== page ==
Overdrive was only a 2-month-old kitten when he hid inside the engine compartment of a car parked at a rest stop in Arizona. The unsuspecting tourists who owned the car were alarmed when 200 miles later, they stopped at a restaurant in Utah and heard desperate meows coming from under the hood of their car. The tiny buff-colored tabby was successfully rescued and taken to the nearby Best Friends Animal Sanctuary. Although traumatized by the experience, he miraculously didn’t sustain any injuries.
Every year, there are stories of cats getting trapped in vehicle engine compartments, and not all fare as well as Overdrive. Once a car engine starts, things can quickly take a turn for the worse for a cat hiding under the hood, say veterinary experts at the Chastain Veterinary Medical Group in Texas. The sudden vibration and roar of the car’s engine can cause a stowaway cat to jump or fall into the fan or fan belt and pulleys. The results are often disastrous for the cat, causing trauma, lacerations, and on occasion, death.
A March 2021 Wigan Today article reported that a cat became stuck in an engine’s camshaft when the car was turned on. Firefighters had to cut the cat from the engine, and he lost his tail and a leg. People magazine recounted the story of Cindy Lou, a 2-year-old Maine coon who climbed inside the engine compartment of a car in December 2020. She was wedged between two hot metal plates near the fan belts, and part of her fused skin had to be removed to rescue her.
According to experts at Embrace Pet Insurance, cats and kittens, especially strays, will seek out shelter in colder months and are frequently attracted to the warmth of engines in recently driven cars. When cars are left on streets, driveways, or even easily accessible garages, cats will often sit between the engine and the hood, which provides relief from harsh weather or protection from predators. Animal behaviorists say cats are also attracted to a vehicle’s engine bay because it offers a dark, quiet place to nap.
You would think that if a cat could climb inside the engine compartment of a car, he would also be able to find his way out. However, when frightened or startled, cats may squeeze into even tighter spaces and end up trapped. If you discover a cat in this situation, call the local police or fire department for help. It’s not unusual for a mechanic to be called in to assist in freeing trapped cats from under car hoods.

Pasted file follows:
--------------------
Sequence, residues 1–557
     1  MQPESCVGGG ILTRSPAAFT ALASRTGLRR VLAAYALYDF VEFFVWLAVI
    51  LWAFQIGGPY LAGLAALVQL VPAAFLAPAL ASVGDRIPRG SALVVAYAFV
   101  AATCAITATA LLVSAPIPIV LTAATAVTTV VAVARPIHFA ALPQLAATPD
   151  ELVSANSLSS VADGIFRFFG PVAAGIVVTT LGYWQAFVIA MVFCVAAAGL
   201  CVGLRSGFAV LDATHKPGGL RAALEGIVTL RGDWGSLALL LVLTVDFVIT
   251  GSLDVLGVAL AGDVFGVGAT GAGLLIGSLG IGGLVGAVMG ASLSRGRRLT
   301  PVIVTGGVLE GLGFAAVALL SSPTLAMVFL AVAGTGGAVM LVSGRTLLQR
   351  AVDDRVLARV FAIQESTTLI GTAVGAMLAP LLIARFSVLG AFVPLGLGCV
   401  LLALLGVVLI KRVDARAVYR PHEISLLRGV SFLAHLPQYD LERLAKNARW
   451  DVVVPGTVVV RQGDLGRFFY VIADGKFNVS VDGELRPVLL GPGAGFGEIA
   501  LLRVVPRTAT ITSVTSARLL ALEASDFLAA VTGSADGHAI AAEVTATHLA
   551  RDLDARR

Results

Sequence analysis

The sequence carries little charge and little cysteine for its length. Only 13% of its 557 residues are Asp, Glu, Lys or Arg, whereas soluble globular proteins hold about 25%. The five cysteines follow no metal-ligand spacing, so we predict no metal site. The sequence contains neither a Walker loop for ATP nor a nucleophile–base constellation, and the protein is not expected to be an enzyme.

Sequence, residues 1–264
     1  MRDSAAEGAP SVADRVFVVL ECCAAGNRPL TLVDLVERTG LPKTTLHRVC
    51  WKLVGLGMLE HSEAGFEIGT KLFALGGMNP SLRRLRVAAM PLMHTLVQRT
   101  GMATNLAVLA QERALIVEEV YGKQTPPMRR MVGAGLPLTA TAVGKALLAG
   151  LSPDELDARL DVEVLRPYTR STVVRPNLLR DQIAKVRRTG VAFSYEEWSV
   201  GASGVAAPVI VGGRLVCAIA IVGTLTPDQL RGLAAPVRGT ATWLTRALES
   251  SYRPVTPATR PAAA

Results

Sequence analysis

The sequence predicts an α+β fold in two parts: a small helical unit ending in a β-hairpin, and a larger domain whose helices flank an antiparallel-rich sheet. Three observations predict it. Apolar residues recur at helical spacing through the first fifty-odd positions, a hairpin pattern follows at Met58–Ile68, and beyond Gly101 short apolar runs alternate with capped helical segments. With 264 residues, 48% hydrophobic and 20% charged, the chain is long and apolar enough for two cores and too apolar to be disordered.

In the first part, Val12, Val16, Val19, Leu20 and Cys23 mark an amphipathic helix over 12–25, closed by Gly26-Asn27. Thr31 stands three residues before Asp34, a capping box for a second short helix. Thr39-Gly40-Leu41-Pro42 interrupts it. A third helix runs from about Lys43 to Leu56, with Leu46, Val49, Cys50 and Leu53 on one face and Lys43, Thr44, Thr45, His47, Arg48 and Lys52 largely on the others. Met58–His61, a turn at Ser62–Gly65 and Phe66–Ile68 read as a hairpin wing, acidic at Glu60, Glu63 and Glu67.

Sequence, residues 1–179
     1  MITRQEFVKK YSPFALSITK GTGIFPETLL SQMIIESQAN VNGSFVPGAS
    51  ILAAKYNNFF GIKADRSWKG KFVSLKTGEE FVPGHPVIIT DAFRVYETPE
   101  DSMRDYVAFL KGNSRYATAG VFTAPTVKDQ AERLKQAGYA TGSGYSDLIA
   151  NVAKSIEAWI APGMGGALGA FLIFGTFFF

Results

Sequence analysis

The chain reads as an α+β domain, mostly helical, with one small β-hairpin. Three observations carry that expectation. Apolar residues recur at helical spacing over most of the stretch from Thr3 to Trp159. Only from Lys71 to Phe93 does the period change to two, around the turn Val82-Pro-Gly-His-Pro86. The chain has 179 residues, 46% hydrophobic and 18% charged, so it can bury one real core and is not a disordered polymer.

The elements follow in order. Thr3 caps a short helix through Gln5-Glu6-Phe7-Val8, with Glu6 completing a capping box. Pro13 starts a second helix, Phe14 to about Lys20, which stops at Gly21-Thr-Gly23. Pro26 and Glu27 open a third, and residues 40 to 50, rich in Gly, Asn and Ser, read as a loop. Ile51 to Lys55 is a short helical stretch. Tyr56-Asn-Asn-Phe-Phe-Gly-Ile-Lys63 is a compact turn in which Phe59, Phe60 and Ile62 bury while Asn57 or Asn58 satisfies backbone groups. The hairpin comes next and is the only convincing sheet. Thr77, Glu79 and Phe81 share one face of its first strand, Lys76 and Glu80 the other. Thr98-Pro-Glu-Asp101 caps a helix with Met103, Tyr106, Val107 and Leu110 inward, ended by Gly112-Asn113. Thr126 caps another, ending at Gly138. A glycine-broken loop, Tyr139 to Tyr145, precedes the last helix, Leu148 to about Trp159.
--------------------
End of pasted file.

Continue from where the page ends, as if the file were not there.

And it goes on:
The best way to keep your cat from climbing into a car engine is to prevent him from roaming free. Experts at the Humane Society of the United States say indoor cats live longer and tend to be healthier. In addition, they avoid the predators, injuries, parasites, and communicable diseases to which outdoor cats may be exposed. If you live with a cat who’s always asking to go out, access to a patio or a walk around the neighborhood in a harness and leash can provide a safe way for your cat to enjoy the outdoors.
If your cat is allowed out, here are tips to keep him away from your car’s engine:
- Whenever possible, park your car inside an enclosed garage.
- Placing a high-quality car cover over your vehicle can help keep your cat from getting to the engine compartment.
- Car experts at the National Automobile Dealers Association (NADA) recommend sprinkling cayenne pepper on the ground around your car. It may take a few days, but cayenne pepper has worked to keep cats away from cars, according to NADA.
- Try a commercial spray such as Nature’s Mace Cat Repellent. Like cayenne pepper, this deterrent can be sprayed around the car to keep cats away.
- Use a motion sensor alarm such as the Tattle Tale Sonic Pet Training Vibration Alarm to discourage your cat from going under the hood of your car.
Keep in mind that while you can take steps to deter your cat from climbing into the engine compartment of your car, he can still hide under the hood of a vehicle in the neighborhood. That’s what happened to Simon, a big orange tabby featured in a KCRA 3 story. He went for a 13-mile ride before the driver realized there was a cat stuck in the engine block. Luckily, Simon wasn’t injured, and thanks to his microchip, was safely reunited with his family.
If your car is parked on the street or a driveway, it’s good practice to check for cats before starting the engine. Animal advocates at Alley Cat Allies recommend checking under the hood and between the tire and wheel wells. Before starting your car in cold weather, make a habit of banging on the hood and honking your horn a few times to scare away a cat who may napping in the engine compartment. These steps only take a few minutes and can save a cat’s life.
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